The Columbia University Medical Center researchers have come up with an innovative way to “grow” bone and other tissues, with the help of stem cell lines that are not typically combined.
Angiogenesis is a physiological process where there is a growth of new blood vessels from the already existing vessels. The failure to nurture this process was a huge barrier in tissue regeneration.
Earlier approaches consisted of the fabrication of artificial blood vessels and the use of angiogenic growth factors have, apparently, been faced with problems. The artificially fabricated blood vessels, evidently, unwillingly expand and network with the host blood vessels; and the blood vessels induced by angiogenic growth factors are said to, supposedly, be immature and “leaky.”
This approach was initiated by Jeremy Mao, DDS, Ph.D. It’s stated that, the approach of using both the mesenchymal and hematopoietic cells together in healing of defects or treating a disease, has rarely been seen. This could be because of the different research communities where these specific cell groups are analyzed.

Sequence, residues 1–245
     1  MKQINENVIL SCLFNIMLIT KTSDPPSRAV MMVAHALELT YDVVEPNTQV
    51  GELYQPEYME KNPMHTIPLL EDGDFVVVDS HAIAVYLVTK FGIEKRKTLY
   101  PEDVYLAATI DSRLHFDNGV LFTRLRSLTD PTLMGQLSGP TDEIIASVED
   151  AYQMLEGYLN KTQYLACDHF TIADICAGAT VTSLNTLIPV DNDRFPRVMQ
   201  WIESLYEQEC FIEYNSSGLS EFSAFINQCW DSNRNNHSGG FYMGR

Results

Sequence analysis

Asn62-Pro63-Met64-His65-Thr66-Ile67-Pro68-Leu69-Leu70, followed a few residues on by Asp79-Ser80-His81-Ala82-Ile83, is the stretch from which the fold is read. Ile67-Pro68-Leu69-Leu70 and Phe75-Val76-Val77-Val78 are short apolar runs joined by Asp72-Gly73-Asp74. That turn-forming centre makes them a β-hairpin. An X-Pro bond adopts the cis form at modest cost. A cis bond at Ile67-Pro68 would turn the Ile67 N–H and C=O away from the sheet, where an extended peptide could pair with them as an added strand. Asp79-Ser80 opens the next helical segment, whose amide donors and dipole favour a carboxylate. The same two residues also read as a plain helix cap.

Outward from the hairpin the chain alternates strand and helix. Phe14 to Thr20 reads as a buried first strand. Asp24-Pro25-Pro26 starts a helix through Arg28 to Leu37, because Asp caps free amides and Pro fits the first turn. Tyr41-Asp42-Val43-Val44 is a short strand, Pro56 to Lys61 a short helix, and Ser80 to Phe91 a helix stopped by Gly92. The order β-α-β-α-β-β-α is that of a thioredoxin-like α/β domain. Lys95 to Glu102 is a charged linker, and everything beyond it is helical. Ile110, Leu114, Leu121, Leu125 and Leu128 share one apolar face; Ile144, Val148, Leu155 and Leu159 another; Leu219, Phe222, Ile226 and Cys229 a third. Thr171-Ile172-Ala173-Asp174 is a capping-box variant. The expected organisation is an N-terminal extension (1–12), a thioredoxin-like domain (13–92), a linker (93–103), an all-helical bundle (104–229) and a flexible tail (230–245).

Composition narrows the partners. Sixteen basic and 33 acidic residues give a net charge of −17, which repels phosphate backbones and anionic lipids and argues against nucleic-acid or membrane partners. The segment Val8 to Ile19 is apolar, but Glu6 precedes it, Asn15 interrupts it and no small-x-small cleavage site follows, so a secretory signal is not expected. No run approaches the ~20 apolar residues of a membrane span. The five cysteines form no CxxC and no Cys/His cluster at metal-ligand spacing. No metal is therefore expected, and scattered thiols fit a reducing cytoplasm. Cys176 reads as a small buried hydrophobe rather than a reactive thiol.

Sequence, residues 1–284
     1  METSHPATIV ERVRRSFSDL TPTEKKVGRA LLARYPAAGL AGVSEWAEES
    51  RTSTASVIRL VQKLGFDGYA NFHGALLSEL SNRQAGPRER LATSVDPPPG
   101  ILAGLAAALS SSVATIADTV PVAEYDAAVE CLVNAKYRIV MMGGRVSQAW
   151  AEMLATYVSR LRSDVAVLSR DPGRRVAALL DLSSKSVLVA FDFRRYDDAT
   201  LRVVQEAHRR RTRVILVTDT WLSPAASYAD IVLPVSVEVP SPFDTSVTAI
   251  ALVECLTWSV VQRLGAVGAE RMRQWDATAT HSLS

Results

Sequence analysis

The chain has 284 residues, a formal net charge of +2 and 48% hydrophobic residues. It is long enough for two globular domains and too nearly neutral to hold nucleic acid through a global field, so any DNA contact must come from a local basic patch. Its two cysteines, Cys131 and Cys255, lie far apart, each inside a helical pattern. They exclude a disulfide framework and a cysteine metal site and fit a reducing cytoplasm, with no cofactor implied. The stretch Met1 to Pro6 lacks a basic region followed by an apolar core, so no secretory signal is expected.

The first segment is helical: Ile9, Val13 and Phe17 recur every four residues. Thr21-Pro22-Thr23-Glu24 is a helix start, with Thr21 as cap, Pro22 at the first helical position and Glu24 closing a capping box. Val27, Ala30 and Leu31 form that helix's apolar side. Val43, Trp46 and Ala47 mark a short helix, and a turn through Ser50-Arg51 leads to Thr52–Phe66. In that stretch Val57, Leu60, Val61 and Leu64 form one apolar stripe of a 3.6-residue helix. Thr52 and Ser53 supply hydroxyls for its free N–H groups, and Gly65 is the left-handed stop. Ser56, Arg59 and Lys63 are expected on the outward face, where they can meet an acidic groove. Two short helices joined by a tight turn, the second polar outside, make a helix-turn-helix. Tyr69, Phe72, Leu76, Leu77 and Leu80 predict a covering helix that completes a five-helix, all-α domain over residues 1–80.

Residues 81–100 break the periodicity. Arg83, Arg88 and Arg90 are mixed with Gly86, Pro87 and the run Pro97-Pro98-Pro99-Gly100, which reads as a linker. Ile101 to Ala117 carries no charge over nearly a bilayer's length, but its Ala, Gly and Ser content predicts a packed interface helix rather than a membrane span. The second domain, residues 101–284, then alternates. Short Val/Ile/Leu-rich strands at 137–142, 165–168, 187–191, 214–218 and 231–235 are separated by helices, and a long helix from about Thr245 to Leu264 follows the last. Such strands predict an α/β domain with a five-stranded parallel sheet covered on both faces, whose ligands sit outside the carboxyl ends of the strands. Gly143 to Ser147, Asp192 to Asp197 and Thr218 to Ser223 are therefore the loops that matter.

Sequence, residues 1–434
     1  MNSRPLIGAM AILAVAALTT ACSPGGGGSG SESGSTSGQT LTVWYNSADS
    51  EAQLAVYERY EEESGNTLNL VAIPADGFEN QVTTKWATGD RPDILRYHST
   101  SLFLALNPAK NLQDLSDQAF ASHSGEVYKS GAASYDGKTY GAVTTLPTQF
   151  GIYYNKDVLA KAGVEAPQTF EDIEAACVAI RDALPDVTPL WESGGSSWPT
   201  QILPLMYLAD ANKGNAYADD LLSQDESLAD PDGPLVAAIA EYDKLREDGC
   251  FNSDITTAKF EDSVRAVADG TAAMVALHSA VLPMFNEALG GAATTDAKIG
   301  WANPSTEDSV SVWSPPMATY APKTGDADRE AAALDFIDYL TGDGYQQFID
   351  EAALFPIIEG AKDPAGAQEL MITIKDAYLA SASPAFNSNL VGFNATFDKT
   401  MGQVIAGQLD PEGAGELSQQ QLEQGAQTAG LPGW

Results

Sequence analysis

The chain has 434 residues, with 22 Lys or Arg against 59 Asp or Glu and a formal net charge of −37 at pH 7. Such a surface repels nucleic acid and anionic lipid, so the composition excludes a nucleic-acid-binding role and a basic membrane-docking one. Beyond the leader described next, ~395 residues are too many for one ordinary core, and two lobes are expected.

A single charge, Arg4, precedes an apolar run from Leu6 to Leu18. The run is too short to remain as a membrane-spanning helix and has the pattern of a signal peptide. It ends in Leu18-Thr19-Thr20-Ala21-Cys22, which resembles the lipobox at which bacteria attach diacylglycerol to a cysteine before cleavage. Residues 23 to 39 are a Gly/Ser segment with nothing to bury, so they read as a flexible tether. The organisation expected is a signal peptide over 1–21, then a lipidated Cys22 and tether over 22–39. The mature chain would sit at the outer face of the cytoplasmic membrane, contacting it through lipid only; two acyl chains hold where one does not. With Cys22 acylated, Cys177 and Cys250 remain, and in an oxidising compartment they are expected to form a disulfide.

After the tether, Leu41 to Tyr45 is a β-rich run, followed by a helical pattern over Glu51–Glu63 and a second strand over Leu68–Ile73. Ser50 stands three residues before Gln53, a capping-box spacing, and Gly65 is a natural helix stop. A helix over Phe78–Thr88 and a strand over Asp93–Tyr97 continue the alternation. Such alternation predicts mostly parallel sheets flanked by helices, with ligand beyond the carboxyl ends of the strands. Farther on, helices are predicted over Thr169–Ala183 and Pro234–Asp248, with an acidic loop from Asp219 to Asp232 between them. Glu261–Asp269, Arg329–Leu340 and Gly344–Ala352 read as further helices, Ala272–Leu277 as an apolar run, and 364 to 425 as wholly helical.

Dr. Mao says, “The work has potential beyond bones and may have implications for the growth of muscle, nerve and organs. The synergistic action of mesenchymal cells and hematopoietic cells provide an alternative approach for regrowing a host of vascular tissues.”
A team of Colombia researchers, apparently, co-transplanted the hematopoietic and mesenchymal stem/progenitor cells, in order to promote the regeneration of vascularized tissues. They are said to have found that, supposedly, in bone the regeneration of tissue was faster as when either type of stem cell was used individually.
Dr. Mao and his team also discovered that the number and diameter of vessels, produced by the co-transplantation of hematopoietic and mesenchymal, in order to create vascularized tissue, increased greatly when they were combined with the Vascular Endothelial Growth Factor or VEGF.
Their findings are published in the Public Libraries of Science.